How Do You Disinfect Bed Bugs?

How Do You Disinfect Bed Bugs?

Bed bugs are microscopic insects that cause itchy, red welts. They are most active at night and live in cracks, crevices, and creases.

Clearing clutter, vacuuming, and cleaning can help reduce the number of bed bugs and eggs in a room before treatment. Put all clothing, bedding and fabric items into garbage bags that are sealed and can be laundered in hot water.

Disinfect Your Mattress

Disinfect Your Mattress

Before you disinfect your mattress, check for signs of bed bugs. Look for dark spotting on the mattress, upholstered furniture or other surfaces that might indicate infestation. Also, keep in mind that these pests are great hitchhikers – they often ride around in the back of delivery trucks and are commonly found at yard sales and at hotel rooms.

Sticky traps can help you determine if you have a bed bug problem, but they won’t kill them. A better bed bug treatment is a thorough vacuuming of the whole mattress using a regular upright vacuum cleaner with an attachment for hard-to-reach crevices, Look at this website.

A non-chemical bed bug treatment is a food-grade powder called diatomaceous earth. It has an abrasive, dehydrating effect on the insects and can be used in place of spray pesticides. Just sprinkle a light layer of the powder around furniture, baseboards, walls, and other places where the bugs might hide. You can also use a bellows duster to spread the powder in areas that are difficult to reach with a sprayer.

Disinfect Your Bed Frame

Wooden bed frames should be cleaned regularly to avoid a build-up of dirt and mould that can damage the wood material. A general cleaning is best done with a soft, lint-free duster, but it’s also a good idea to wipe down hard-to-reach corners to remove any ingrained dirt. Do check the manufacturer’s care instructions before using any household cleaners on your wooden bed frame, especially since these may vary according to the type of wood and the bedroom environment.

If your bed frame is upholstered, you’ll need to use a fabric cleaner to eliminate sweat and grease that regular vacuuming and dusting won’t remove. Make sure to spot test your fabric cleaner before applying it to the entire upholstered bed to ensure that it won’t stain, bleach or discolour the material. For stains, mix hydrogen peroxide and salt to create a paste and apply it to the stained area. Let it dry before treating the stain again if needed.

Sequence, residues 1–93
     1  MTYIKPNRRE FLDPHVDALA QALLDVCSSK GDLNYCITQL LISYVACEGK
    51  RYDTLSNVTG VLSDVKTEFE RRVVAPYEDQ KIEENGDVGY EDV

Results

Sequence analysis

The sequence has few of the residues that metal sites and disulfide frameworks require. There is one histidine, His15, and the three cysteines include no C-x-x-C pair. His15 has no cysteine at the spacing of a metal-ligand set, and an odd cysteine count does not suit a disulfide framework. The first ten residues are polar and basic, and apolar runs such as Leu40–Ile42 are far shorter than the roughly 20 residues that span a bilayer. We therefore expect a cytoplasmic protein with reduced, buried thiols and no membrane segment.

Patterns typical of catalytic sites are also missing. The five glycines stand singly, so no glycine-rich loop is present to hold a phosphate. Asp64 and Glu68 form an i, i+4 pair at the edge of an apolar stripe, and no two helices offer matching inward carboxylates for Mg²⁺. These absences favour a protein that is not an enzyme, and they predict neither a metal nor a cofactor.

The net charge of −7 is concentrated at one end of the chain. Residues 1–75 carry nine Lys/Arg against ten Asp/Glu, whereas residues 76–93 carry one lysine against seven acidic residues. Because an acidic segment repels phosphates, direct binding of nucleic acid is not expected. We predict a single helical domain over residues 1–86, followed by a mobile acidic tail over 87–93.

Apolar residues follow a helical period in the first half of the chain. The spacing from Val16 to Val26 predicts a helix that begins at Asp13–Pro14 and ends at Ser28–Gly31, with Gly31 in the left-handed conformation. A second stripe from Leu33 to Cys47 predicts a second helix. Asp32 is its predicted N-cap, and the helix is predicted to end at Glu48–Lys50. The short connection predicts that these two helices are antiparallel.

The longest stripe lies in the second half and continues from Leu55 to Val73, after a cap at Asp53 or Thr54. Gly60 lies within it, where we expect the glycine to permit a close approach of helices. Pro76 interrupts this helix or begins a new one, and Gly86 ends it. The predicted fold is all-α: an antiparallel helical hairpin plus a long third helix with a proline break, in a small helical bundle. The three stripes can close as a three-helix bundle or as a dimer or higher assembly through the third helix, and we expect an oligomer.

Disinfect Your Bedding

Disinfect Your Bedding

In addition to providing a clean and comfortable sleeping environment, cleaning and disinfecting your bedding can help you sleep better. This is because clean and fresh sheets are free from germs, which helps promote good health. Besides, cleaning your bed can also help you get rid of pests that might be disturbing your sleep.

Once you’ve cleaned the bedspread, mattress and box spring, use a stiff coarse brush to remove any remaining faecal droppings, shells or eggs on the seams. Vacuum the whole bed, baseboards, headboard and footboard and then place the vacuum bag in a plastic bag before putting it in an external trash bin. Check behind furniture, in drawers, inside wall switches and outlets, etc for evidence of bed bugs and their eggs.

If you are sensitive to chemicals or don’t want to spray insecticide, there is another option: heat treatment. Large heaters are used to heat up rooms to a temperature that kills the pests and their eggs.

Disinfect Your Furniture

While hard surfaces like wooden furniture are a little easier to disinfect than porous surfaces like fabric couches, they still need regular cleaning and disinfecting. Using a disinfectant spray is the best way to kill viruses and germs on these often-touched surfaces in your home, as it can be done with just a few household ingredients.

Vinegar is a favourite of many cleaning experts, as it is safe, effective, and readily available at home. To disinfect a couch, start by removing any pillows or blankets and washing them (make sure to check the tags before washing, as some fabrics are not machine washable).


Next, mix a solution of two parts rubbing alcohol to one part water in a spray bottle, and spritz over your couch. Be sure to test the solution on a small area first, as some fabrics are acid-sensitive, and if needed, add a few drops of eucalyptus oil to mask the vinegar scent.